STATE OF NORTH CAROLINA
v. Avery County
Nos. 03 CRS 50824
DAVID BORK, 03 CRS 1081
Attorney General Roy Cooper, by Assistant Attorney General
Patricia A. Duffy, for the State.
Stephen W. Kearney for defendant-appellant.
Defendant David Bork appeals from his convictions in superior
court for the misdemeanor offenses of driving while impaired in
violation of N.C. Gen. Stat. § 20-138.1 (2005) and driving without
an operator's license in his possession in violation of N.C. Gen.
Stat. § 20-7(a) (2005). Because we are unable to determine from
the record on appeal whether the superior court had jurisdiction
over defendant's case, we are compelled to dismiss this appeal.
The statement in the printed record regarding the organization of the trial tribunal states only: "Defendant David Bork entered notice of appeal from the judgment of the court in open court during the July 6, 2004 session of Criminal Superior Court for the County of Avery, the Honorable James U. Downs, Superior Court Judgepresiding." The record before this Court does not contain the judgment in district court or entries showing an appeal of that judgment to superior court.
District courts have exclusive original jurisdiction of all misdemeanors. State v. Felmet, 302 N.C. 173, 174-75, 273 S.E.2d 708, 710 (1981). A superior court's jurisdiction over the trial of a misdemeanor is derivative and "arises only upon appeal from a conviction of the misdemeanor in district court." Id. A superior court has no jurisdiction to try a defendant on a criminal summons for a misdemeanor charge unless the defendant was tried and convicted in district court and then appealed that judgment for a trial de novo in superior court. State v. Hall, 240 N.C. 109, 111, 81 S.E.2d 189, 190-91 (1954).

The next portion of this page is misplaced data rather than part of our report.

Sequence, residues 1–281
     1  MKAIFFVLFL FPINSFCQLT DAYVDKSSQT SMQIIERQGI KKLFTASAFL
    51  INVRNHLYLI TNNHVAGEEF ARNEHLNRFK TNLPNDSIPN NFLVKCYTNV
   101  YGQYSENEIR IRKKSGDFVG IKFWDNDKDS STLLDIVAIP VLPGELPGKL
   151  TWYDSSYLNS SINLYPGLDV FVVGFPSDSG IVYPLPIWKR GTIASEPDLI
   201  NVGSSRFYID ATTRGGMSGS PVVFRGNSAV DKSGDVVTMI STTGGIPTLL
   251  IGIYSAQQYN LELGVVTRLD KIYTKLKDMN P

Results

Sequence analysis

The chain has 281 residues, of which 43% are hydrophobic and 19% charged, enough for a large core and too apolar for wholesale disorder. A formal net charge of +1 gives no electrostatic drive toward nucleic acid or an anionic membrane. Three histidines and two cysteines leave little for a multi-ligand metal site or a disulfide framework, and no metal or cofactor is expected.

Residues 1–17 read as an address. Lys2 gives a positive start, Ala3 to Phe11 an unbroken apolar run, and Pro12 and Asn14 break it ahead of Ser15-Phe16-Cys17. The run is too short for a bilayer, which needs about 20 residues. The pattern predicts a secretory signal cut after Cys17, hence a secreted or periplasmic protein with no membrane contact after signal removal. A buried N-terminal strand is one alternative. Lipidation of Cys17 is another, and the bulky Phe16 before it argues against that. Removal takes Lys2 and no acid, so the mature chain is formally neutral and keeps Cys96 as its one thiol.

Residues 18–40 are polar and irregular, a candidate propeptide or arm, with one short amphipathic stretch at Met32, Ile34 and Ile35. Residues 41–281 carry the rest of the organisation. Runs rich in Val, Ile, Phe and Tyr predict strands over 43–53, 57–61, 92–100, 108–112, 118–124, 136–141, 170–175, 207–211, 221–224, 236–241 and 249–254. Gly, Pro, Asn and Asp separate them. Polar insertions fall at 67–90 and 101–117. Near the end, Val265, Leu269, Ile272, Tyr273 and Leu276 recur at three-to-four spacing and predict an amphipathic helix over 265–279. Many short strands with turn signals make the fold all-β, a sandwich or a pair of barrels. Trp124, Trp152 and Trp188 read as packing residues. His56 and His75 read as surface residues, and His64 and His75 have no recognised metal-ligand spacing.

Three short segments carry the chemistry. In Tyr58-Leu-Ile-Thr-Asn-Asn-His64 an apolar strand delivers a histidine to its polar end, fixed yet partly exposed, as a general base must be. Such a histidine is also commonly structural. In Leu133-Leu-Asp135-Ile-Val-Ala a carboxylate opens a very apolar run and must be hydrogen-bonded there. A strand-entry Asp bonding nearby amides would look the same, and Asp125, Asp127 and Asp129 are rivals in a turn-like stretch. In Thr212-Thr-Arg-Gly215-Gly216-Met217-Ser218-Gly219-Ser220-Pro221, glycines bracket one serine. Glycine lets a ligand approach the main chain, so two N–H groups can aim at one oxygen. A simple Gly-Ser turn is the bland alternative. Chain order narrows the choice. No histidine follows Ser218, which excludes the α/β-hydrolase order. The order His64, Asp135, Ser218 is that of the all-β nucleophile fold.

Our Supreme Court explained in Felmet that a record on appeal in a criminal case that originated in district court must include the judgment in district court and entries showing an appeal of that judgment to superior court. 302 N.C. at 176, 273 S.E.2d at 711 ("These items should have been included in the record on appeal in this case but were not. Defendant had the duty to see the record on appeal was properly compiled."). When, because those items are omitted, "the record is silent and the appellate court is unable to determine whether the court below had jurisdiction, the appeal should be dismissed." Id. Because, based on the record before us, we are unable to determine whether the superior court had jurisdiction, Felmet requires that we dismiss the appeal ex mero motu. Id. See also State v. Hunter, 245 N.C. 607, 609, 96S.E.2d 840, 841 (1957) ("What disposition was made of these cases in the inferior court or how they reached the Superior Court is not made to appear [in the record]. This alone is sufficient to require a dismissal of the appeal.").
Chief Judge MARTIN and Judge BRYANT concur.
Report per Rule 30(e).
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